CIB officials could not say whether the Pacers have made good on their promised contribution, which carried some conditions based on team revenue. The team did get to keep the $40 million Conseco paid for naming rights.

After CIB pushed back the payments in 2007, the board expected to pay off the mall investors from reserves or new financing, Lathrop said. CIB does not have an ownership interest or a role in managing Circle Centre.

The city can scarcely afford to kick in money to pay back the mall investors. Taxpayers still owe $229 million on bonds for the mall, Indianapolis Bond Bank officials said. And Simon, which holds a 99-year ground lease on the Circle Centre property and owns 15 percent of the mall itself, is no longer paying rent.

After collecting about $15 million during the first few years of the lease, the city had to stop accepting lease revenue so it could preserve the tax-exempt status of its bonds.

City leaders determined that refinancing with traditional bonds would have more than erased the potential profits. The bonds are being funded through a tax-increment financing district, or TIF, that spans much of downtown.

"It’s almost punishing the city for making too good of a deal," said Deron Kintner, the bond bank’s deputy director and general counsel. "At the time, no one had any idea how successful it would be and how large these lease payments would be."

The city does continue to receive revenue from Circle Centre’s World Wonders parking garage, but that income is diverted toward paying for the city’s $25 million contribution to the $100 million Conrad Indianapolis hotel.

No harm in asking?

None of the mall investors IBJ could reach would discuss whether they’d consider writing off the balance CIB owes them.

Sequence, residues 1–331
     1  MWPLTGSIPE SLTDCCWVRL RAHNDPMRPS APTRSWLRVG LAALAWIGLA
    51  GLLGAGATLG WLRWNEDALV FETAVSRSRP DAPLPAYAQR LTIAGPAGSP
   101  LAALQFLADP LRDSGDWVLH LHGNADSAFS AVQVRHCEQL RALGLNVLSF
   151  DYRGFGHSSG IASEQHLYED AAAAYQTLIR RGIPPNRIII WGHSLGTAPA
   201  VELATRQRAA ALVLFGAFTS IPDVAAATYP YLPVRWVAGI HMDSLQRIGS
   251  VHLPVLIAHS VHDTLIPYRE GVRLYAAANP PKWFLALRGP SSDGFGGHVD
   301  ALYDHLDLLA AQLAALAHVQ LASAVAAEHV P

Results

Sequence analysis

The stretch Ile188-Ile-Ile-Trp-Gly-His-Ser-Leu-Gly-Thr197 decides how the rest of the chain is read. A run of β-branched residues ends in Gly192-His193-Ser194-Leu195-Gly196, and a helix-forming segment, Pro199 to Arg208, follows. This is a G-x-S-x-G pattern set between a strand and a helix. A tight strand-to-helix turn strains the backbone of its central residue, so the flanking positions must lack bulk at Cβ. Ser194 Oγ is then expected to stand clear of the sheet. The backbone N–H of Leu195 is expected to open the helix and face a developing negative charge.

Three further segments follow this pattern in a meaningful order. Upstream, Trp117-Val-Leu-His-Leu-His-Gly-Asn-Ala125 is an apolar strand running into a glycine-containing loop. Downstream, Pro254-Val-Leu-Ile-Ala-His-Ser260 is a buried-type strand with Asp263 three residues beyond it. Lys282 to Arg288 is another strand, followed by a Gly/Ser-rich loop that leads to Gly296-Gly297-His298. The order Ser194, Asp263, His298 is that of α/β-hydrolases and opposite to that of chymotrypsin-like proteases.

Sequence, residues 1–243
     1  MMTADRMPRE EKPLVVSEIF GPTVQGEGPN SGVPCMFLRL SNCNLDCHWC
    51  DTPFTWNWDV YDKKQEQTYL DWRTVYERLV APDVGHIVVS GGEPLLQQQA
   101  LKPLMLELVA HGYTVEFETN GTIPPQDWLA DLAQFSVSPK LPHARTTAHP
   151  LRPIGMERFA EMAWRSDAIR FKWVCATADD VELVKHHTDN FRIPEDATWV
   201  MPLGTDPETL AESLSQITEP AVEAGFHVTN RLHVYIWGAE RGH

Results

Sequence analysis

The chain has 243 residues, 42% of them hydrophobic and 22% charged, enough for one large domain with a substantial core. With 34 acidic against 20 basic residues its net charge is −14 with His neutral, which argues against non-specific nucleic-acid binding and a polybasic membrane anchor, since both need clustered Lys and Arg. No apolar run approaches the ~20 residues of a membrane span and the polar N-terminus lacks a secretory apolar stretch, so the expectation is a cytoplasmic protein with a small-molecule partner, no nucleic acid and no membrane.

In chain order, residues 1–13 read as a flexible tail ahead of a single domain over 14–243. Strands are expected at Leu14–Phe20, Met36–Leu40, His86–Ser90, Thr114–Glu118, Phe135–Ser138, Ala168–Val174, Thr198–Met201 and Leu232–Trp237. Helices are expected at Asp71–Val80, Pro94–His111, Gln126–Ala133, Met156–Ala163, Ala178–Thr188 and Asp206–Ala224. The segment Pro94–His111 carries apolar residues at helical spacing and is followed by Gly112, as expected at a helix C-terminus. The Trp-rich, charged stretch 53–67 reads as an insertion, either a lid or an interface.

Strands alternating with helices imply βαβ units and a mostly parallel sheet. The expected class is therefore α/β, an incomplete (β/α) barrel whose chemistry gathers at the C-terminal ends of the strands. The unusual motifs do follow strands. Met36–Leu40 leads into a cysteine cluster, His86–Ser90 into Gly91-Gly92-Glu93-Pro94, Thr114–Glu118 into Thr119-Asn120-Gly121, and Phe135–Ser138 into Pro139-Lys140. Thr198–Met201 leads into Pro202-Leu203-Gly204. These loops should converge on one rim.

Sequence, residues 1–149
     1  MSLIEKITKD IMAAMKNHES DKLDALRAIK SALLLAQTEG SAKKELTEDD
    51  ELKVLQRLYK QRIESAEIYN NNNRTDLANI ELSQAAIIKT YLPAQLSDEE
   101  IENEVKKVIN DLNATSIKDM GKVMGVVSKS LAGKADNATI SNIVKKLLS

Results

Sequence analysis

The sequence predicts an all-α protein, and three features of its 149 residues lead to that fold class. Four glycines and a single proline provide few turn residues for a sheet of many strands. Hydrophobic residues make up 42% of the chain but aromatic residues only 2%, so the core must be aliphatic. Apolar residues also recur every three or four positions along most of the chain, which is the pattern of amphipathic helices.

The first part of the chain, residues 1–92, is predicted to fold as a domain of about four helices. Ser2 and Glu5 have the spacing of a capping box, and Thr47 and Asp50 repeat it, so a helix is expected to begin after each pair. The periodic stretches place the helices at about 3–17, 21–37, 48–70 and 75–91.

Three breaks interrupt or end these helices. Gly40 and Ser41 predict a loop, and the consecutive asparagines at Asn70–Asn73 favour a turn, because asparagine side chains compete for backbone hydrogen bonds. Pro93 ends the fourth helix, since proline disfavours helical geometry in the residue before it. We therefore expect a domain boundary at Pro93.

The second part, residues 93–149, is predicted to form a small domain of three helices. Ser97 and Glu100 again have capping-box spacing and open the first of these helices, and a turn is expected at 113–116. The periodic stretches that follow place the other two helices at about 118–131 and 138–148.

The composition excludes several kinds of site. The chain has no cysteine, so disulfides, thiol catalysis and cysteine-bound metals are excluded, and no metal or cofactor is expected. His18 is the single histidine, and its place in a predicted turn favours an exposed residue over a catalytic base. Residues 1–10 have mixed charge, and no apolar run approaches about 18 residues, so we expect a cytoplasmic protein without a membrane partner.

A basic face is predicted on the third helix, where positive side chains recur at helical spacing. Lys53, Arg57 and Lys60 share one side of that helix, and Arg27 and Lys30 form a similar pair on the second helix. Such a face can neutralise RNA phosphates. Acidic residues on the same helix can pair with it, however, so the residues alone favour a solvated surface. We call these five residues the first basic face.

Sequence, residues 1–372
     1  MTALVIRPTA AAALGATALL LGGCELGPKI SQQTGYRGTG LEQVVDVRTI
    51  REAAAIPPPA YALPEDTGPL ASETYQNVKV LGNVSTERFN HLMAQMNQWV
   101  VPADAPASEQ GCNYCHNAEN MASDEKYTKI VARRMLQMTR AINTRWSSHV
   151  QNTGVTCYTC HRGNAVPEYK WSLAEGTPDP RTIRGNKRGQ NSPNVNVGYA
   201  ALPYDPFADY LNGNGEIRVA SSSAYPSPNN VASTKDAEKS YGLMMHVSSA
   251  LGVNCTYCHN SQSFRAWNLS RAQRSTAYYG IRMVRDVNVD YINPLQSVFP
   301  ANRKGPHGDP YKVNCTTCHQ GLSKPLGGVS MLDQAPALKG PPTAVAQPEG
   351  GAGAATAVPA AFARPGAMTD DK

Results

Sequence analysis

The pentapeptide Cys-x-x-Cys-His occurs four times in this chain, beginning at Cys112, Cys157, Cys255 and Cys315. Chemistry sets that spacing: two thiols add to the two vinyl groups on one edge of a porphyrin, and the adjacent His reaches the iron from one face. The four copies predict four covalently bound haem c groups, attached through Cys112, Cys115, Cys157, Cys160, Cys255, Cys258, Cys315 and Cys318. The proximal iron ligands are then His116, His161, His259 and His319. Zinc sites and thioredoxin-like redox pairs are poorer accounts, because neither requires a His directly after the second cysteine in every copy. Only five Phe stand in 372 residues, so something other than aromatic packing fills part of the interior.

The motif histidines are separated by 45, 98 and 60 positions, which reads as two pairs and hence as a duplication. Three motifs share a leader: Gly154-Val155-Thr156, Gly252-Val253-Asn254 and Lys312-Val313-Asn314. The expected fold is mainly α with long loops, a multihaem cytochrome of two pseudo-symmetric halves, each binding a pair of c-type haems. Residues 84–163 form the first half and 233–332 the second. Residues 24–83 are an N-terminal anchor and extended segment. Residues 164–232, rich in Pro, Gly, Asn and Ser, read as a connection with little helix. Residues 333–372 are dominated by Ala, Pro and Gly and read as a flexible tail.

But one of the business leaders who led the mall effort, former Eli Lilly CEO Dick Wood, knows how he would react. "Well, I wouldn’t be very happy," he said.

Wood led an effort among business leaders that involved putting up money from their own companies and securing financing from European banks to get the mall off the ground after several fits and starts.

All told, Circle Centre took 15 years to materialize after Mayor William Hudnut in 1980 challenged the business community to "join hands" with the city to build the downtown mall.

The original investors put their necks out and should have a right to participate in the mall’s success, but Wood said there’s no harm in CIB’s asking for voluntary writeoffs. The current financial strength of the investors certainly would be a factor in whether they oblige.

There also are intangible dividends for investors in Circle Centre mall. Thanks in large part to the mall’s construction, downtown is thriving. New restaurants and shops have opened. Street life has returned.

"You’ve got to look at the amount of private investment downtown since the mall was built," said Evert Hauser, a former official with the bond bank.